My daddy was a practical man. When he was on recruiting duty with the Air Force in Knoxville, Tennessee, he bought our family a house because he was told he would be there a good while. This was the ’50s and the Cold War was beginning to heat up. The next thing he knew, he was transferred to Maxwell Air Force Base in Montgomery, Alabama.

Our home was sold and a Spartan trailer was bought. Back in those days, this was the cream of the crop of trailers. It was 36 feet long and at that time, there was no such thing as a double wide. I was a little kid, 4 years old and that trailer was the neatest thing I’d ever seen.

It’s funny, the vivid memories kids have. Back in those days, the interstates were being built to transport military vehicles and such just in case Russia decided to invade. With that shiny aluminum siding catching the sun, we hit Birmingham, Alabama traffic at five o’clock in the afternoon. It was stop and go forever as we inched along pulling that big ol’ trailer right through the heart of Birmingham. I do believe my daddy used some colorful language that day. It was hot, too.

My mom and dad were very particular about the trailer park chosen to put our home on wheels. Some parks were not suitable for families. Daddy always managed to find one that was nice and had mostly military families living there. He found a suitable park that had trees and a creek running through it with a hillside I desperately wanted to ride my tricycle over. Mama was very stern when she told me not to go over that hill.

Well, here’s the thing. I was kind of a scrawny tow-headed girl who had a stubborn streak in her. When my mama told me not to do something, I generally ignored her. I have scars to prove it. One afternoon, I sneaked my tricycle out and proceeded over and down the hill. Before too long, I felt stings like needles hitting my feet and legs. I was barefooted. And I heard buzzing.

Reaching behind my knee, I came up with a handful of angry yellow jackets stinging my fingers and flying at my face. It was horrible and I started screaming for my mom. She came running and grabbed me up and put me in the creek. All I remember is that the water was cold and those bees were drowning.

I know she wanted to spank me, but she hugged me to her tightly. She got stung herself as she picked the last of those things out of my hair. In truth, I could have died from all those stings, but I wasn’t even sick. Mom plastered me with a paste of baking soda and oatmeal. I didn’t even swell up except at the location of the stings and even they didn’t swell much. No matter. I truly believe this is why I am so terrified of wasps and yellow jackets … and buzzing sounds.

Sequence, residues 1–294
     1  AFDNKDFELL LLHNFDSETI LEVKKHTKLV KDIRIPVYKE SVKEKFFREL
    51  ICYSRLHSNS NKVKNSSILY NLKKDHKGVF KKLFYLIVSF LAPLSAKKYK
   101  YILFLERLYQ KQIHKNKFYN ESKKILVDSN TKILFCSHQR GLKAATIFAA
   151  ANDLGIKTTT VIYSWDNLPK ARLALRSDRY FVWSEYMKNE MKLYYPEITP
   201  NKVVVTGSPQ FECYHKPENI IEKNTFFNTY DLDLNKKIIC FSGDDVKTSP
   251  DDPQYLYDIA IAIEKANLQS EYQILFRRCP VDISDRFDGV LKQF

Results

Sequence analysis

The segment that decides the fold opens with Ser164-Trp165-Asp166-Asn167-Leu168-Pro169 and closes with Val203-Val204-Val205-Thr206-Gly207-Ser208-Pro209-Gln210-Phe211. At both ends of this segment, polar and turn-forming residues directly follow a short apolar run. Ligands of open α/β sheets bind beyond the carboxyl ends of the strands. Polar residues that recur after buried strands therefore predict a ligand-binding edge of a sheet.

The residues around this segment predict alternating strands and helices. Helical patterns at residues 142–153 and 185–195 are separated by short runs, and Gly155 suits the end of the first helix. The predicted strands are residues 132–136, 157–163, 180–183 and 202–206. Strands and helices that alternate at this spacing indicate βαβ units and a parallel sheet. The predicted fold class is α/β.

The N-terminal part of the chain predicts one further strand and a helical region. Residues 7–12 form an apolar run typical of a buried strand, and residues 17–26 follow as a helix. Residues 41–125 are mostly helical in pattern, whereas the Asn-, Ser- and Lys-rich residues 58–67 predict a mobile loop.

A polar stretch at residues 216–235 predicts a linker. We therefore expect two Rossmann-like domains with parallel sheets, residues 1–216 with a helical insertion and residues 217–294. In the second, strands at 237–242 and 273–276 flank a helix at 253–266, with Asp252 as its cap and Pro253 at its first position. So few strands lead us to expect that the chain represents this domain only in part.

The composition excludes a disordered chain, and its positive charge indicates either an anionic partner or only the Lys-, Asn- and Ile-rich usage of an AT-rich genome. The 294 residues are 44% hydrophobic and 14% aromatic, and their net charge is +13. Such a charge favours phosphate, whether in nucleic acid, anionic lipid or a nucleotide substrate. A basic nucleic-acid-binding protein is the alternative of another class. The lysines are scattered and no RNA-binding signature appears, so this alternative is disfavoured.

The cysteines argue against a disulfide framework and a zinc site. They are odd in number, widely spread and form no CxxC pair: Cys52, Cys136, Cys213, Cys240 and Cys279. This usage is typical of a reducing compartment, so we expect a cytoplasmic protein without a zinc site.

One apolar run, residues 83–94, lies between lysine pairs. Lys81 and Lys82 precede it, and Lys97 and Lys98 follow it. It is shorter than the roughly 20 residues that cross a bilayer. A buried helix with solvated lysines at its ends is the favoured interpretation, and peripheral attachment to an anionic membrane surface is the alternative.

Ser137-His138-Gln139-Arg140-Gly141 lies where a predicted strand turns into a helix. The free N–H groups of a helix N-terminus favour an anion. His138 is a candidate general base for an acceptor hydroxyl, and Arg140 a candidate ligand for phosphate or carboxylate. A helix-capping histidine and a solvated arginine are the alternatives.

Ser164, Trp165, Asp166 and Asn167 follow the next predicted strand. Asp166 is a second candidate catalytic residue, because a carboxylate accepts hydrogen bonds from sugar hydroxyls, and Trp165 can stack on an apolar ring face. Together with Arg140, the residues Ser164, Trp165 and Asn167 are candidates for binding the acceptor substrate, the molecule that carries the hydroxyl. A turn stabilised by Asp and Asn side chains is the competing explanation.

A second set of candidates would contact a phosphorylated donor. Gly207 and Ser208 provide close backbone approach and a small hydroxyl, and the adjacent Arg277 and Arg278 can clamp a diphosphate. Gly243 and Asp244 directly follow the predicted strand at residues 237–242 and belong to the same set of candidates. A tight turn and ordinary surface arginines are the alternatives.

After being stationed in Morocco, we were transferred to Barksdale Air Force Base in Shreveport, Louisiana. Mom and Dad found a perfect park full of Air Force families with kids. This was my favorite place to live. We built club houses and with parental supervision, we built huge bonfires almost every night in the summer. I remember we put Bazooka bubble gum on the end of coat hangers and roasted it until it was gooey. Then we’d put it in our mouths and, oh my, it was delicious. I take credit for this.

Most times, I walked across a big field to Waller Elementary School. One day, I felt something moving under my feet. It was a snake! I wasn’t much afraid of snakes, but it was a creepy feeling. This boy who had a bike, jumped on it and left me there. I will never forgot calling him a coward!!

I started running, losing my shoes, hair bows and school satchel. Mom was running toward me arms outstretched. She was more scared than I was because she didn’t know why I was running, screaming like a banshee.

Daddy was transferred to Schilling Air Force Base in Salina, Kansas, next. By then, we had a bigger Spartan to pull and the roads in Oklahoma were awful. We only lived in a park a short while before we moved into new base housing.

This was our last base. Daddy retired from the Air Force at 37 and had a second career with the Post Office.

Those Spartans were the best of the best of homes on wheels. I always missed ours and have great memories of them.